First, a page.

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While reviewing the boxscore for this memorable game
The Braves’ 15 singles took 19 innings, but it still wasn’t even the highest total this year. On April 3rd
Here are the games in the boxscore era (since 1919) in which a team has gotten at least 18 hits, all of them singles:
First off, it’s kind of amazing that nearly half these teams (6 of 13) lost. I know they’re all singles, but you’d think 18+ hits would be enough to win. But I guess when you’re only scoring 3 runs*, you’re going to lose a fair amount of the time. None of the losing teams scored more than 6 runs while none of the winning teams scored fewer than 6 runs. When you’re only getting singles, so much depends on the sequencing of the hits–do you get a 5-6 in one inning, or is it spread out to just 1 or 2 each inning?
* The two 3-run games both came in very extra innings: the ’29 Indians got their 20 hits in 17 innings and the ’73 Dodgers got 19 hits in 19 innings. So that explains the low run totals. Two of the other losses took 12 and 16 innings, though the other 3 were standard 9-inning games.
Another oddity I’d like to draw your attention to is that certain teams keep popping up over and over on the list. The Dodgers appear 5 times (counting once in Brooklyn), the Indians appear 3 times, and the Yankees and (Philadelphia) A’s appear twice each. That’s 12 of the 13 occurrences (the Tigers were the other) from just 4 teams! So 25 of the 30 MLB teams have never done it, but 4 teams have done it multiple times. It’s also not like this was the same group of players repeating the feat, either; all of the same-team games are separated by at least 4 years.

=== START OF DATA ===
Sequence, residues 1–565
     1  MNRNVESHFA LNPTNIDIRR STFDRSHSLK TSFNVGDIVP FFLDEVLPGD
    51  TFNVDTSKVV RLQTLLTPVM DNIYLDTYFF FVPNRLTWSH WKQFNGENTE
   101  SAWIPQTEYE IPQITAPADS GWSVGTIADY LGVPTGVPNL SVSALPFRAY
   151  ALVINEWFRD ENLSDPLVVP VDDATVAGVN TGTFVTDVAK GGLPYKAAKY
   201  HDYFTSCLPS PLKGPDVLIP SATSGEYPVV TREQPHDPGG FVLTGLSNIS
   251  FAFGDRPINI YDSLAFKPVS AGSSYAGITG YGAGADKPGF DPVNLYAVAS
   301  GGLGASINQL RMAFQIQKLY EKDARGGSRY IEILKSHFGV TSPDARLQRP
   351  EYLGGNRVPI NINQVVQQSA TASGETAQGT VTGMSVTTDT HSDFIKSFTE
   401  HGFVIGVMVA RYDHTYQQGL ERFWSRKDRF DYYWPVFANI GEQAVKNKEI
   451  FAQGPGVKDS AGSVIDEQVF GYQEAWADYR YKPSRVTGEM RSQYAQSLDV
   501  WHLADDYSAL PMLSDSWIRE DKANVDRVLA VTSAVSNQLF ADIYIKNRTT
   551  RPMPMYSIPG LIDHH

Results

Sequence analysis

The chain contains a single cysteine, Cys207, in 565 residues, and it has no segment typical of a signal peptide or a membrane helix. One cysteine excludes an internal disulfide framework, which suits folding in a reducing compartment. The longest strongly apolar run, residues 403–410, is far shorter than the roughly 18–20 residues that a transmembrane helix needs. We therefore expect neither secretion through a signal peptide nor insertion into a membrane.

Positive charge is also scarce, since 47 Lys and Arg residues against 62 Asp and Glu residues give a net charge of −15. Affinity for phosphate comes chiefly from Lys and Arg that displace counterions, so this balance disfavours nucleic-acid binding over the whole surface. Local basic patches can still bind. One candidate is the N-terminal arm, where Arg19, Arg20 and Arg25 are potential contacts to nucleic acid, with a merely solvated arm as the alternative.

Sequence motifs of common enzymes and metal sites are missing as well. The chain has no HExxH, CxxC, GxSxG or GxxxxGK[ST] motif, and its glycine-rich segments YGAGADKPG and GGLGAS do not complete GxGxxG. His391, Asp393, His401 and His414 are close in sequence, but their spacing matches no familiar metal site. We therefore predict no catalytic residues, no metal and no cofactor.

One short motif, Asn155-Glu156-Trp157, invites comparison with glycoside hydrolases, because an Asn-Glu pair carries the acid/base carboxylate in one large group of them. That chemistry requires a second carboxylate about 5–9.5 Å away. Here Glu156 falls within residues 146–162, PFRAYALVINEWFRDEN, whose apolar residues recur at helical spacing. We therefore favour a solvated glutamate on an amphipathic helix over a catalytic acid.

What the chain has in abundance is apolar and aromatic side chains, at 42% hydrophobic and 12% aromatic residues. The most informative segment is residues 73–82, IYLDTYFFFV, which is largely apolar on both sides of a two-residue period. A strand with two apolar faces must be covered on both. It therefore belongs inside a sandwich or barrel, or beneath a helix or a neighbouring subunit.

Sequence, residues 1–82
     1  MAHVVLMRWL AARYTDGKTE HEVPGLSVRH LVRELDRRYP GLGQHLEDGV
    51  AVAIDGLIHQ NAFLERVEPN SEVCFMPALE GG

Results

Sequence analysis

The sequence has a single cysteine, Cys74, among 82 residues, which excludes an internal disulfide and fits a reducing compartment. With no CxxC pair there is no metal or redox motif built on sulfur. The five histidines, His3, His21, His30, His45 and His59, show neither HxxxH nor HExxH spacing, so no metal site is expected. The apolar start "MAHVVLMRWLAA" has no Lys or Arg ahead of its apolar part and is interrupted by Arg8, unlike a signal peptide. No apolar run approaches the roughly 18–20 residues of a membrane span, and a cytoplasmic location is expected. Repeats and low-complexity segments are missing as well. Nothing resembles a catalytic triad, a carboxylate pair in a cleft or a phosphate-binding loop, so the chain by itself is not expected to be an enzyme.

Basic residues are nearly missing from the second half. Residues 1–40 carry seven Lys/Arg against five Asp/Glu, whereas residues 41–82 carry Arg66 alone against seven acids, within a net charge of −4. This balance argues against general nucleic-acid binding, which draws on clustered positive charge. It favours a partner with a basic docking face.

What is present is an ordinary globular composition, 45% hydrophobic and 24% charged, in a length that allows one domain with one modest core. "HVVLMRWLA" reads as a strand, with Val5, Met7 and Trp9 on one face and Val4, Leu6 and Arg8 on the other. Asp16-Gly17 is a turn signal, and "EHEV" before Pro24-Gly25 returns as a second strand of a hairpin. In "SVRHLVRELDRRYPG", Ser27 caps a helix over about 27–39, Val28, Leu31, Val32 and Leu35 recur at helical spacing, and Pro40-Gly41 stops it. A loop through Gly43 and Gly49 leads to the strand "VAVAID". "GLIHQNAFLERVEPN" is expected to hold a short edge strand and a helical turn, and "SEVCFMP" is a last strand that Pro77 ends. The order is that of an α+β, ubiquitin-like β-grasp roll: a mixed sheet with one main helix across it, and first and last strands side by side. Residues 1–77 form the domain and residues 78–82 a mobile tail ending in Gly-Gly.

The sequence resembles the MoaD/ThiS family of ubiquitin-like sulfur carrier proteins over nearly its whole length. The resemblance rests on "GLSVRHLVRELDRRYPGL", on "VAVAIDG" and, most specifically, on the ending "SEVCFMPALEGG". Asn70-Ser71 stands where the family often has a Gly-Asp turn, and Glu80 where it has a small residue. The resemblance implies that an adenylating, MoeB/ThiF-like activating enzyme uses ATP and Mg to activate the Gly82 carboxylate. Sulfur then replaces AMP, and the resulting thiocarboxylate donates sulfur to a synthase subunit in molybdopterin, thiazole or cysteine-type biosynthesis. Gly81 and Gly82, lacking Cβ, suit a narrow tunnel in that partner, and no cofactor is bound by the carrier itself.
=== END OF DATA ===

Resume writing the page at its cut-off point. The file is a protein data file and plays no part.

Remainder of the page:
Weirdly, the Red Sox were the opponents in 5 of the games, and all of them were played at Fenway Park. And of course the Red Sox haven’t done it, either at home or away. Another quirk is that all 4 of the L.A. Dodgers’ games were played in L.A.; Dodgers Stadium does have something of a reputation for reducing extra-base hits, but Fenway is just the opposite. With the Green Monster providing cheap doubles and the short right-field line providing cheap homers, I’m shocked that Fenway has had so many single-happy games.
Finally, let’s review the remarkable game
Both Steve Sax and Mickey Hatcher (the first 2 hitters in the Dodgers’ order) went 5/6. That makes them the only pair of teammates since 1933 to have 5+ singles in the same game, and only the 3rd total (in the boxscore era). Pedro Guerrero and Mike Marhall also had 3 singles each, so that’s 16 of the 22 singles just from those 4 guys.
Here’s how the Dodgers’ singles broke down by inning:
- 1st inning: 5 singles (plus a HBP and a WP) lead to 4 runs
- 2nd inning: 3 singles (plus 2 walks) lead to 2 runs; 8 singles total
- 3rd inning: 2 singles, but a double-play ends the inning with no runs; 10 singles total
- 4th inning: 6 singles, including 4 straight to start the inning (plus an error and a sac fly), lead to 5 runs; 16 singles total
- 5th inning: 0 singles, Dodgers retired 1-2-3; 16 singles total
- 6th inning: 2 singles (and a walk) result in 2 more runs; 18 singles total
- 7th inning: 2 singles but no runs; 20 singles total
- 8th inning: 2 singles but again no runs; 22 singles total
So the Dodgers had multiple singles in every inning but the 5th. That must have been maddening to watch as a fan of the opposing team (the Reds).
The great thing about that game, though, is that you can always say, “Hey, it could’ve been worse! Some of those hits could have been for extra bases!”
Tagged with: A's Dodgers Dodgers Stadium Fenway Park good bad games Indians Mickey Hatcher Mike Marshall (hitter) Pedro Guerrero rare feats singles Steve Sax Yankees
This blog is devoted to the invention and use of unusual baseball statistics. These Junk Stats are designed to reveal the not-so-meaningful quirks that make baseball so fascinating.
JunkStats is written by Jacob Peterson, who also writes for the Braves blog Talking ChopBeyond the Boxscore
For more about the site or the author, read the About page
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